Techniques that put natural evolution on fast-forward to build new proteins in the lab have earned three scientists this year’s Nobel Prize in chemistry.
Frances Arnold of Caltech won for her method of creating customized enzymes for biofuels, environmentally friendly detergents and other products. She becomes the fifth woman to win the Nobel Prize in chemistry since it was first awarded...
Frances Arnold of Caltech, George Smith of the University of Missouri in Columbia and Gregory Winter of the University of Cambridge have won the Nobel Prize in chemistry for speeding up evolution to make proteins with new and useful properties. Such proteins are suitable for a variety of uses, ranging from new drugs to biofuels. The new laureates were announced October 3 at the Royal Swedish...
Emily Balskus, 38Chemistry and microbiologyHarvard University09/26/2018 - 08:34 Microbiology, Chemistry, Health
Chemist Emily Balskus of Harvard University is out to expose the crimes and misdemeanors of microbes living in the human gut. She’s shown, for example, how a common gut bacterium interferes with a heart failure treatment: The microbe breaks down the medication before the drug can do its job.
Balskus, 38, originally...
Joaquín Rodríguez-López, 35ElectrochemistryUniversity of Illinois at Urbana-Champaign09/26/2018 - 08:29 Chemistry
Joaquín Rodríguez-López was jolted into the world of electrochemistry. When he realized in college that he could hook up a machine to some wires and transform chemicals into energy, he was “completely sold,” he says.
Today, he’s tackling one big obstacle to expanding affordable renewable energy on...
Drug-resistant bacteria have a new challenger.
A new molecule can kill deadly strains of common bacteria, such as Escherichia coli and Klebsiella pneumonia, that are resistant to most existing antibiotics. The drug works differently from currently available antibiotics, potentially making it harder for bacteria to develop resistance, researchers report September 12 in Nature.
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A draft of the poppy’s genetic instruction book is providing clues to how the plant evolved to produce molecules such as morphine.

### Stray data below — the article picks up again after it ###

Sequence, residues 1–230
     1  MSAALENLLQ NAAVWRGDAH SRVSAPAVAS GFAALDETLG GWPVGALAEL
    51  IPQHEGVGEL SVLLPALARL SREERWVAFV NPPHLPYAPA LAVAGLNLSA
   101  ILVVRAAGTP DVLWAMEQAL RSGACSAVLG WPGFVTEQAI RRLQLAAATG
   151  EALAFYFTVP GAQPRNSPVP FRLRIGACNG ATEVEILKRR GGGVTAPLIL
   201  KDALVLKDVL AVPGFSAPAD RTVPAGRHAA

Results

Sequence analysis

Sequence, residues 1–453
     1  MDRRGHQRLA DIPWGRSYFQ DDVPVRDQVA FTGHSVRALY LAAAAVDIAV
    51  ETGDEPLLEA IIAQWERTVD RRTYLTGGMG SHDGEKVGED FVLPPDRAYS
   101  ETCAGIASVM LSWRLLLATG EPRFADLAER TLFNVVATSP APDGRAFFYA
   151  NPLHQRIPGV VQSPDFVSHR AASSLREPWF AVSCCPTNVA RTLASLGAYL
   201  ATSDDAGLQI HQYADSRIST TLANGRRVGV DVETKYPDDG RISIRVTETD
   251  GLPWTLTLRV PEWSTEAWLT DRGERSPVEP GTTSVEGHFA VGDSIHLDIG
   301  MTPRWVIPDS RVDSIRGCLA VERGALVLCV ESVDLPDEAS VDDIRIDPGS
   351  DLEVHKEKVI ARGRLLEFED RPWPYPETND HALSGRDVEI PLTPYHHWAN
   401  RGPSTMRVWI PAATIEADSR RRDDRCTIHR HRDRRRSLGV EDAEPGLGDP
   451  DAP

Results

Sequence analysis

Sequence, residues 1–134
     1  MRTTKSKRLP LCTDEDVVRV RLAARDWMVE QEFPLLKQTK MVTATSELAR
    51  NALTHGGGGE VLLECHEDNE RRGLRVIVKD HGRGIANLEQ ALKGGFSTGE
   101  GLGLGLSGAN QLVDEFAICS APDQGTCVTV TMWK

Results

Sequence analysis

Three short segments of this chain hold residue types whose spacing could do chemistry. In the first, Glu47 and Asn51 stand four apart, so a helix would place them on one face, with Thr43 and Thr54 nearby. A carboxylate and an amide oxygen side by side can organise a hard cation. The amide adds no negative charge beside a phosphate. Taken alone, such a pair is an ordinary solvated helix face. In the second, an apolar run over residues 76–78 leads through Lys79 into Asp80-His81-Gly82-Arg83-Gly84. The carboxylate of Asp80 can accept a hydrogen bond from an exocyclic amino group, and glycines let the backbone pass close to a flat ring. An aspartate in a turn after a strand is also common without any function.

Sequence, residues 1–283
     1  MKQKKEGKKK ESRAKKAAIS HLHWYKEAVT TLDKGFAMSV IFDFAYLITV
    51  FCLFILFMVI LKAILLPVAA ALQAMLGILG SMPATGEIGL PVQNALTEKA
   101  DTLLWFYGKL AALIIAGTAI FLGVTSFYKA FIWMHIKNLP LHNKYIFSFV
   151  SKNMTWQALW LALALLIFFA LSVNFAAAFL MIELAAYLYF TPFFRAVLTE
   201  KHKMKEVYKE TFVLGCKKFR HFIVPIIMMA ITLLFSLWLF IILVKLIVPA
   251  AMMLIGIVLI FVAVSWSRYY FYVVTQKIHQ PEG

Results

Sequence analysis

Scientists pieced together the genome of the opium poppy (Papaver somniferum). Then, they identified a cluster of 15 close-together genes that help the plant synthesize a group of chemically related compounds that includes powerful painkillers like morphine...
Like a scouting handbook for the molecular realm, a new chart reveals how to tie molecules up in knots of increasing complexity.
Mathematicians have cataloged billions of distinct knot types, but researchers have been able to make only a few molecular versions. Scientists craft the minuscule knots using a solution filled with building blocks of curved strings of atoms, which glom onto...
A new type of lithium-oxygen battery could pack more energy and last longer than its predecessors.
Lithium-oxygen batteries, which are more energy-dense and made of more sustainable materials than typical lithium-ion cells, are promising candidates for the next generation of rechargeable batteries (SN: 1/21/17, p. 22). But lithium-oxygen batteries aren’t widely used yet because they die...
What may be the oldest known solid cheese has been found in an ancient Egyptian tomb.
Made from a mixture of cow milk and either sheep or goat milk, the cheese filled a broken clay jar unearthed from a 13th century B.C. tomb for Ptahmes, the mayor of the ancient city of Memphis, researchers report online July 25 in Analytical Chemistry.
Chemist Enrico Greco, who did the work while...
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Smoothing out the rough patches of a material widely used to filter saltwater could make producing freshwater more affordable, researchers report in the Aug. 17 Science.
Desalination plants around the world typically strain salt out of seawater by pumping it through films made of polyamide — a synthetic polymer riddled with tiny pores that allow water molecules to squeeze through, but...